- not sane; not of sound mind; mentally deranged.
- of, relating to, or characteristic of a person who is mentally deranged: insane actions; an insane asylum.
- utterly senseless: an insane plan.
Origin of insane
SynonymsSee more synonyms on Thesaurus.com
Examples from the Web for insanely
Of how incredibly petty the offense can be and how insanely disproportionate the retaliation can be.Of Gamers, Gates, and Disco Demolition: The Roots of Reactionary Rage
October 16, 2014
The stewed cabbage is insanely tender, vegetable-sweet, and more luxurious than cabbage has a right to be.The Heart and Soul (Food) of Orlando
Jane & Michael Stern
June 8, 2014
First, we tend to have an insanely un-nuanced public debate about abortion even though it is an incredibly nuanced issue.Wendy Davis’s 20-Week Abortion Ban Compromise
February 13, 2014
Indeed, it was as if investors collectively woke up and realized they had been giving the company an insanely rich valuation.Tesla Wins Even When It’s Losing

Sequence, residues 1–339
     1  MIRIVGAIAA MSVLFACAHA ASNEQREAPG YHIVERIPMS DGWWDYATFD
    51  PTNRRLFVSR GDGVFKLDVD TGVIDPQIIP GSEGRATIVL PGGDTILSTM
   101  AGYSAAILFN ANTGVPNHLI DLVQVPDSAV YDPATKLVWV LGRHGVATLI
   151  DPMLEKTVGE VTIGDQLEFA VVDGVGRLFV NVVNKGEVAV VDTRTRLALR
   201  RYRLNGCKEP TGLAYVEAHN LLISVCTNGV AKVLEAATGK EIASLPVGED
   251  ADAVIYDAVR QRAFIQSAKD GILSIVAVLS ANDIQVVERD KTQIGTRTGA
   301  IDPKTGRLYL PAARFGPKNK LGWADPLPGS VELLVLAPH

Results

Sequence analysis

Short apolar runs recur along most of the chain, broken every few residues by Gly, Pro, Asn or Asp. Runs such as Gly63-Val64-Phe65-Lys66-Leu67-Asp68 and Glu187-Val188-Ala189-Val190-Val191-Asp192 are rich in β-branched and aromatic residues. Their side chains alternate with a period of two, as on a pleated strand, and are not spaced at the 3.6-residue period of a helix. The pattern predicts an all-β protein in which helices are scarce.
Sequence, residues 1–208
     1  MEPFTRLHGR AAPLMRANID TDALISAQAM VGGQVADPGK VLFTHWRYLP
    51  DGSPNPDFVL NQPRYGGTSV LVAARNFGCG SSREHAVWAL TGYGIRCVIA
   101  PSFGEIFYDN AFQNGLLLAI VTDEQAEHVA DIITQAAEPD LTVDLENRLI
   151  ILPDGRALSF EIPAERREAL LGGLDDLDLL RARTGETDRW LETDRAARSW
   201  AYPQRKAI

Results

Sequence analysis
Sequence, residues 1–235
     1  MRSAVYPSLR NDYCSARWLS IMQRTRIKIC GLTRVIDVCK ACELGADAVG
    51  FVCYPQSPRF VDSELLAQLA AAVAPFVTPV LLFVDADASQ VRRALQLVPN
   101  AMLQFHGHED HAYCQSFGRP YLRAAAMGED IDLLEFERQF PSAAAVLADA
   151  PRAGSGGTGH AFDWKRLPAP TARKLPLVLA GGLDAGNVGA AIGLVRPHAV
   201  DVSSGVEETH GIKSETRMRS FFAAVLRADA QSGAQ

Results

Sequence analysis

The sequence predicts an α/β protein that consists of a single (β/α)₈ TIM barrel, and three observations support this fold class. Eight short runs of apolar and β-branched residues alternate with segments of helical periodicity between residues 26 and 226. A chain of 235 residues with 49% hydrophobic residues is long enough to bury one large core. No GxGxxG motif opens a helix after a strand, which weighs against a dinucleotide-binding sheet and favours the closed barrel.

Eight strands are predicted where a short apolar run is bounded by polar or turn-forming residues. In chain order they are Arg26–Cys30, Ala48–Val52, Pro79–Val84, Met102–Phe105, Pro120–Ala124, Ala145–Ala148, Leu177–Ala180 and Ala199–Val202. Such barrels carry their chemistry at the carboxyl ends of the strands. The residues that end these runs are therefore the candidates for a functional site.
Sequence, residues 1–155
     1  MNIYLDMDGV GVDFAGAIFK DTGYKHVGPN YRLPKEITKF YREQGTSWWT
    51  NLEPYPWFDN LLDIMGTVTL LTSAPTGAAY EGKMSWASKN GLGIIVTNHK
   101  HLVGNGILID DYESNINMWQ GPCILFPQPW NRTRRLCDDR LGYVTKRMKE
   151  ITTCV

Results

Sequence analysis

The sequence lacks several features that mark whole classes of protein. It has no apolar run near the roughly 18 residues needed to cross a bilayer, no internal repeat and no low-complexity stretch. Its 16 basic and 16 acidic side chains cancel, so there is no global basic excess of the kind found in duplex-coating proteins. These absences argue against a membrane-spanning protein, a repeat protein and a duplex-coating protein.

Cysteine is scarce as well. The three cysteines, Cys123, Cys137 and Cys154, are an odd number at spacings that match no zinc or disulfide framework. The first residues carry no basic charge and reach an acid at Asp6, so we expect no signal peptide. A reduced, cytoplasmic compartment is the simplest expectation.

November 11, 2013
Sure, Tesla investors have pushed the stock up to levels that are insanely high and perhaps unsustainable.Tesla’s Rise Forces Other Automakers to Up Their Electric Car Game
September 25, 2013
No one knew whether we'd quarreled or not, or how insanely jealous I could be.The Man the Martians Made
Frank Belknap Long
He raised his hand to his throat—and it tore at the flesh, insanely.
I kept thinking, insanely, that the meteor was a perfect conflict touch.Question of Comfort
Now this terminology is insanely wrong, even if the Bills are right.A Miscellany of Men
G. K. Chesterton
I was madly, insanely jealous, and I forbade my wife to meet him.The New Tenant
E. Phillips Oppenheim
- mentally deranged; crazy; of unsound mind
- (as collective noun; preceded by the)the insane
- characteristic of a person of unsound mindan insane stare
- irresponsible; very foolish; stupid
Word Origin and History for insanely
1550s, from Latin insanus "mad, insane; outrageous, excessive, extravagant," from in- "not" (see in- (1)) + sanus "well, healthy, sane" (see sane). Originally only of persons; of actions, from 1842. Cf. lunatic; and Italian pazzo "insane," originally a euphemism, from Latin patiens "suffering." German verrückt, literally past participle of verrücken "to displace," "applied to the brain as to a clock that is 'out of order' " [Buck]. The noun meaning "insane person" is attested from 1786.
- Of, exhibiting, or afflicted with insanity.